Desperately trying to ride the coattails of pop phenomenon kiddie TV shows that have cashed in at the box office, "Thomas and the Magic Railroad" is an depressing failure.
Little more than a tediously protracted and befuddled episode of "Shining Time Station" -- the very, very low-rent Brit import program featuring a perky little steam engine with self-esteem issues and three facial expressions -- the whole movie rings with the resounding thud of a contrived effort that nobody put their hearts into.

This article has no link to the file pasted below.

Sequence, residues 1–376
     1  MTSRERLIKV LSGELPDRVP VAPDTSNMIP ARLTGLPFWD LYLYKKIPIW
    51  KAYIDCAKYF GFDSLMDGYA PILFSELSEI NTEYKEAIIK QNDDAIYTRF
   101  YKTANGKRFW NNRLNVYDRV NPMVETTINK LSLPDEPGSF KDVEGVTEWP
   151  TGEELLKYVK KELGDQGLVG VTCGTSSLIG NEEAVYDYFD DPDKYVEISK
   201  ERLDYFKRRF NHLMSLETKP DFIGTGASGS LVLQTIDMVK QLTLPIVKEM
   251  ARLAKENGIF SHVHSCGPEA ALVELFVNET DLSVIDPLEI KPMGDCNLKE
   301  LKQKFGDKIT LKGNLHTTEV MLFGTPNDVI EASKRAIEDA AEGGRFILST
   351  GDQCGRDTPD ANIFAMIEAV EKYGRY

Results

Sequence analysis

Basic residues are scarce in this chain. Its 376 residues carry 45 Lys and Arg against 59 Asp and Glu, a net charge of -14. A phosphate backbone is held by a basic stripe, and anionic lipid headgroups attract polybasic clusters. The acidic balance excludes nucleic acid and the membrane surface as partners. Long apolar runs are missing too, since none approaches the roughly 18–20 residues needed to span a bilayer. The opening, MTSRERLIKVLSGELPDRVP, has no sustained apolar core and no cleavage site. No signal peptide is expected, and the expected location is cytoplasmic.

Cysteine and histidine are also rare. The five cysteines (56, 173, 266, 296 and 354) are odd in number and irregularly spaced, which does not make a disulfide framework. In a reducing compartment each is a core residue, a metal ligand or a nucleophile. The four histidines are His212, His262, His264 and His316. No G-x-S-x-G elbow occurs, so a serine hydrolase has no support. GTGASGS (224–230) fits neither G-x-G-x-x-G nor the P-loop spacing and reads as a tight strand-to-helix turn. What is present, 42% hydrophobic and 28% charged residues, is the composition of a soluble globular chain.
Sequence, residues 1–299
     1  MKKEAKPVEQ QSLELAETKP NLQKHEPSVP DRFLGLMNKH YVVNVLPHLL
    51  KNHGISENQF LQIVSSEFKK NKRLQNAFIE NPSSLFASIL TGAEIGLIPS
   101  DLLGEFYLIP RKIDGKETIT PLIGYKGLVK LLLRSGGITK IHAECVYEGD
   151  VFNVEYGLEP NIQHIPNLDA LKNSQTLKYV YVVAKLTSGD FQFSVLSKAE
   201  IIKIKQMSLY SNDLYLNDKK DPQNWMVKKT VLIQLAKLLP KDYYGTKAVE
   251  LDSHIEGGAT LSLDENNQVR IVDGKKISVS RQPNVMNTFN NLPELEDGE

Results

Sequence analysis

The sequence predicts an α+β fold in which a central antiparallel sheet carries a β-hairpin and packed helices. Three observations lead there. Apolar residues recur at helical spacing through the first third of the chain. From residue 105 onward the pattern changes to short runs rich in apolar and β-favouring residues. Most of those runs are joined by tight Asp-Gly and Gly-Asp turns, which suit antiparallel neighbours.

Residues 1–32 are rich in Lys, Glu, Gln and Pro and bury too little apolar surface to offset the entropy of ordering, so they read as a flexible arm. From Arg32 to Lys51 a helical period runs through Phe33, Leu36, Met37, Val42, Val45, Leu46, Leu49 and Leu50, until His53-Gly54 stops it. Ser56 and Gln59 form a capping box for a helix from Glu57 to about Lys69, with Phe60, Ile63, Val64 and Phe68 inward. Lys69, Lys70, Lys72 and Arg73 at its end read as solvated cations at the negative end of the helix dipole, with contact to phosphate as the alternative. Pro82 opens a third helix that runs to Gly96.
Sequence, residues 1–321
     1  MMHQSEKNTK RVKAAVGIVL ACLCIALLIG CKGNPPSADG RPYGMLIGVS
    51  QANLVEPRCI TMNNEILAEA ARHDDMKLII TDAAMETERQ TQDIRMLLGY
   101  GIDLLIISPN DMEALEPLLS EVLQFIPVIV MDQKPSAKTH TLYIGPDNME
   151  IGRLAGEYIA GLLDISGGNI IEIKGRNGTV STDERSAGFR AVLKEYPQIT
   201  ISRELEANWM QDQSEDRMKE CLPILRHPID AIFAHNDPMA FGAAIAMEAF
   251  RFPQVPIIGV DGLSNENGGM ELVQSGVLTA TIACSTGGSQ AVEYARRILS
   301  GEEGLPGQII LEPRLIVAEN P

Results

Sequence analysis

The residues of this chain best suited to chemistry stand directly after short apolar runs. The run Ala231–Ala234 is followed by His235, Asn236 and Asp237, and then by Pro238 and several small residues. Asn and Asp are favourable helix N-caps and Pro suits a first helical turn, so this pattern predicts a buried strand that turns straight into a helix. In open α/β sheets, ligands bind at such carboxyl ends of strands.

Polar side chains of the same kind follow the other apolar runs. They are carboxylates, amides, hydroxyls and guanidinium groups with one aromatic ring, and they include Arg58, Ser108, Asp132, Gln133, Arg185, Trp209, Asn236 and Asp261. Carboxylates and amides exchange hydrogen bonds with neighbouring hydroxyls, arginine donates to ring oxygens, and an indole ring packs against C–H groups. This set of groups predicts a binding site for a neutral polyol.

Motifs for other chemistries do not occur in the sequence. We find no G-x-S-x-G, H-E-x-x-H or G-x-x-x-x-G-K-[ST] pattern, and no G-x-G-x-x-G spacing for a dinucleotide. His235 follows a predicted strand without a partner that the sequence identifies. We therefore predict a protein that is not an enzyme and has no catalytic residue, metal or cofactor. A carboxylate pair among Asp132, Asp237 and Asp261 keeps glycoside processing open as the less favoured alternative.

The TV show is simplistic but earnest toddler fare featuring talking miniature trains with wildly rolling eyes on otherwise freeze-framed faces ("animated" by a few different inert expressions swapped on and off the engines' front ends from time to time). One might reasonably expect a feature film version to at least offer a little real animation to give the trains some big-screen personality and distinguish it from the shoestring show. But instead "Thomas" stuck to its paltry production values and minimal storylines, using what budget it had to lure lead actors with faded marquee power.
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